Page:Pictures From Italy.djvu/281

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the stern streets, and among the massive Palaces and Towers, kindled by rays from Heaven, is still burning brightly, when the flickering of war is extinguished and the household fires of generations have decayed; as thousands upon thousands of faces, rigid with the strife and passion of the hour, have faded out of the old Squares and public haunts, while the nameless Florentine Lady, preserved from oblivion by a Painter's hand, yet lives on, in enduring grace and youth.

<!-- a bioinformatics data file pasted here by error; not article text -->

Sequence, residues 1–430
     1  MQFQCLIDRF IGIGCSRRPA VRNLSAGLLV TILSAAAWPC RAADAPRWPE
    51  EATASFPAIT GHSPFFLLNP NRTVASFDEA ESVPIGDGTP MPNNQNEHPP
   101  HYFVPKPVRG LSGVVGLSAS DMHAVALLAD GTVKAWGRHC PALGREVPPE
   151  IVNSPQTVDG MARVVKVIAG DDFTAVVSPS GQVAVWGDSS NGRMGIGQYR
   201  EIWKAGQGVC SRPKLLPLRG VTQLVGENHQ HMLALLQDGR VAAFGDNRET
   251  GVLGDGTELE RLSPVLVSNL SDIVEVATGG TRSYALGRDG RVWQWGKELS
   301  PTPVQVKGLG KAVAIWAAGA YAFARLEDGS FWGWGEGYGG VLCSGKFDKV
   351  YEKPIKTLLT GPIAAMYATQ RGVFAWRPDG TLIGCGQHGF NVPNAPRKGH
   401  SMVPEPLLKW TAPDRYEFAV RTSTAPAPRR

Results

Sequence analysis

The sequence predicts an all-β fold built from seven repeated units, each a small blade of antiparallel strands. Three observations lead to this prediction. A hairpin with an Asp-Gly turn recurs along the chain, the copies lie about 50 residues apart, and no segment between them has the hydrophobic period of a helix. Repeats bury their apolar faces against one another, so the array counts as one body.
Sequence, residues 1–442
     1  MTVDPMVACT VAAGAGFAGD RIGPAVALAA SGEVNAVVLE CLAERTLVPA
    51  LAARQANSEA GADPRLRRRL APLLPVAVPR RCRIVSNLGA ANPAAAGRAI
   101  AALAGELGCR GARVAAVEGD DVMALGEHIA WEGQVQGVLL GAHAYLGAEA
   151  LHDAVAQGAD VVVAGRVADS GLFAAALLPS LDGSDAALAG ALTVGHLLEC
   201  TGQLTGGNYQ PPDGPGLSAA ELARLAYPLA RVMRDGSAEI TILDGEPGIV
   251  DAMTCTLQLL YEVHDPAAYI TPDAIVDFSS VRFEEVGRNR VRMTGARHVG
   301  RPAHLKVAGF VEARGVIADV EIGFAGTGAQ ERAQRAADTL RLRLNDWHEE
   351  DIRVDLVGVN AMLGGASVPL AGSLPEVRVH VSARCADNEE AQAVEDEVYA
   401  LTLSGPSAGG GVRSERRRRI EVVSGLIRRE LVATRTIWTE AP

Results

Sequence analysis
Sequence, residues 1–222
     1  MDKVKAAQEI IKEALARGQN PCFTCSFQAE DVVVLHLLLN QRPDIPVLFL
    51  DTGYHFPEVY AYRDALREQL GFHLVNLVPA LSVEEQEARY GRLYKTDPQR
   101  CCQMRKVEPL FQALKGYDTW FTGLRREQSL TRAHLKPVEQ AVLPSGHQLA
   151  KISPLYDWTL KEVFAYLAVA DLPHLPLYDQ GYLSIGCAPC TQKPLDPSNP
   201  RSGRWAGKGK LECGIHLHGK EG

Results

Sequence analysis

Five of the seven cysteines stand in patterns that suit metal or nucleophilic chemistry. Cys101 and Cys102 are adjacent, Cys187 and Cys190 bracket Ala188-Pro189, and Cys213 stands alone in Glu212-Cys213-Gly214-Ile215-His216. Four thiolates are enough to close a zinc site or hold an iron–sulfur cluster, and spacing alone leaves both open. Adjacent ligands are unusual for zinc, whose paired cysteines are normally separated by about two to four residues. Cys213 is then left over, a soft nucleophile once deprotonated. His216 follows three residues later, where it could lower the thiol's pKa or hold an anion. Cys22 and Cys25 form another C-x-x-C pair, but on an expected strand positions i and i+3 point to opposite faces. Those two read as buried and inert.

Let us look back on Florence while we may, and when its shining Dome is seen no more, go travelling through cheerful Tuscany, with a bright remembrance of it; for Italy will be the fairer for the recollection. The summer time being come: and Genoa, and Milan, and the Lake of Como lying far behind us: and we resting at Faido, a Swiss village, near the awful rocks and mountains, the everlasting snows and roaring cataracts, of the Great Saint Gothard: hearing the Italian tongue for the last time on this journey: let us part from Italy, with all its miseries and wrongs, affectionately, in our admiration of the beauties, natural and artificial, of which it is full to overflowing, and in our tenderness towards a people, naturally well disposed, and patient, and sweet tempered. Years of neglect, oppression, and misrule, have been at work, to change their nature and reduce their spirit; miserable jealousies, fomented by petty Princes to whom union was destruction, and division strength, have been a canker at the root of their nationality, and have barbarized their language; but the good that was in them ever, is in them yet, and a noble people maybe, one day, raised up from these ashes. Let us entertain that hope!